This first one above is the top left monitor with the oak insert. This was a big pain in the butt to get all the angles correct for the coax to be aimed properly at the listening position. The oak took quite a bit of shaping and skill to be “bent” around the front angles.

    This one is the subwoofer cabinet with oak insert. This was more straight forward. The holes are flared with a 1″ x .5″ gradual curve. The look is very smooth.

    Then we put the drivers in. The 8″ coax fits nicely in it’s octagonal hole, aimed nicely at the listening position. The pair of TD10X’s compliment nicely with their shiny phase plugs.

    Then we layed everything out on the floor as it would be when installed in the wall. Mark brought the TEF with and began working on the crossover design, EQ, etc to get it setup before installation in the room. This is the whole right side on the floor looking from the bottom up. It looks pretty mean from this angle. These are not your typical everyday monitors.

    Here is a closeup of the monitors. You can see the angles nicely in this one.

    So after that, Mark stayed behind to work on the DSP on the one unit. Jason and I brought the other side to begin the installation at Nick’s studio. Everything went nicely into the opening in the front wall of the studio. Cabinets were mounted in place and then the drivers were installed.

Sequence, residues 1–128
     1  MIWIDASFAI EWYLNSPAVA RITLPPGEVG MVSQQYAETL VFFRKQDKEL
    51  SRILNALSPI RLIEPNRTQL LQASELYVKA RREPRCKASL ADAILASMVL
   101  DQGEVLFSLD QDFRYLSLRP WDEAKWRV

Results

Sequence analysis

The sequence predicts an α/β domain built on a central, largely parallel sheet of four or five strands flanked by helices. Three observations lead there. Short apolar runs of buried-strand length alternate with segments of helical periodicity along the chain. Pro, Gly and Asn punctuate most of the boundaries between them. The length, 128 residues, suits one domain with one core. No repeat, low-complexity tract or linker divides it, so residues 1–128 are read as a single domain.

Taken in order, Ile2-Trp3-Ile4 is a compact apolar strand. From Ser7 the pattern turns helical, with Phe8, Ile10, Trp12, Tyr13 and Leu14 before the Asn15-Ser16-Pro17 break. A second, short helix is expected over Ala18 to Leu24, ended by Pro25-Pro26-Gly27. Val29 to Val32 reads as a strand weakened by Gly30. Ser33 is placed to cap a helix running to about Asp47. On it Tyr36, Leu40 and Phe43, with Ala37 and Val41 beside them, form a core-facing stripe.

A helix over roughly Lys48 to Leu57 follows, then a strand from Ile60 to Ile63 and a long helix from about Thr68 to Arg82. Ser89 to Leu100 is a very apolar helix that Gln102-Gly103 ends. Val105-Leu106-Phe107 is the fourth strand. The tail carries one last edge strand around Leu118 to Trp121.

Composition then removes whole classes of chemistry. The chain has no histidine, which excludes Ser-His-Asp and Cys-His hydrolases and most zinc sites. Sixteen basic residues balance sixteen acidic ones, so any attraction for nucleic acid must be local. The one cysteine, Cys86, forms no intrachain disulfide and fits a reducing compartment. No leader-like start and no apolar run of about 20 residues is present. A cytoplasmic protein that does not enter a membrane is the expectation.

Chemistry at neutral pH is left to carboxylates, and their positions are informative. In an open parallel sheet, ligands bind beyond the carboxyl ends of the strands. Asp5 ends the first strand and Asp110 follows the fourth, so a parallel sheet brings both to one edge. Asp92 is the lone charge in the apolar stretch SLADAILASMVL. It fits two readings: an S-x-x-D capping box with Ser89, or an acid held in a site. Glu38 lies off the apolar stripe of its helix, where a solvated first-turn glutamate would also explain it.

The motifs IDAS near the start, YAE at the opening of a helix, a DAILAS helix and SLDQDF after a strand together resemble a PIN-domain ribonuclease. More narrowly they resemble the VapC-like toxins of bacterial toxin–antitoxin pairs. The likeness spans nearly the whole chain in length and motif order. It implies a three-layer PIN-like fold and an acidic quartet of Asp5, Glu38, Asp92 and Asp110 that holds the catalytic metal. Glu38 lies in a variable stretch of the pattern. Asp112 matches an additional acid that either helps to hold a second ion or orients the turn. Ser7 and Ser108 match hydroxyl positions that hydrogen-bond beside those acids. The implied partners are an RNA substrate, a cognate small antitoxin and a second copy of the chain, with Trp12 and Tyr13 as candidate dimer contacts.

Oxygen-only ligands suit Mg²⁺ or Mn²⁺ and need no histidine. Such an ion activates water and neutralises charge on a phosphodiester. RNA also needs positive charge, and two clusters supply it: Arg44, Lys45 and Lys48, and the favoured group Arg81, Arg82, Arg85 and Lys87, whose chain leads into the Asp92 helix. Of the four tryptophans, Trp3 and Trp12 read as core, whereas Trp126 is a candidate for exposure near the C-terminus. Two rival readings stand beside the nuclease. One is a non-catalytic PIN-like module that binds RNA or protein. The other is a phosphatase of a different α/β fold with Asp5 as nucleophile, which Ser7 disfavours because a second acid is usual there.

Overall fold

The final image here you can see the left side installed from just behind the seating position. More pictures to come tomorrow as the installation is finished.


    Warbleed on #2877

    Impressive as always John, looks like it involved a lot of hard work!

    ballasnt on #2878

    Very nice work and it looks like it’s going to finish nicely.

    I love the black contrasted with the oak.

    Is that guy painting you?

    stryke on #2879

    The installation is nearing completion now. After a few minor setbacks working with the existing equipment in the room, we got things fired up and operational. Mark hooked up the TEF and began fine tuning the system in the room. I’ll let him get on in the next day or so and post some details on the optimization of the system along with measurements. Here he is hard at work in the studio.

    Here is a picture of the system fully optimized. I’ll take one more from the listening position tomorrow. All in all, the system turned out incredible. The sound is just effortless throughout the entire bandwidth, all the way down to under 10hz in room. We’ll find out in a few days when Nick returns how he feels about the system. I am sure he won’t have any complaints. 🙂


    stryke on #2880

    just one final picture from the listening position, looking up slightly towards the monitors.


    Big Daddy on #2881

    How does it fare having the left side crawling down the wall and the other one unloaded? Do you have any L/R bias from the wall?

    What power amplifiers/processing are you using?

    They look badass!

    Is Nick a musician?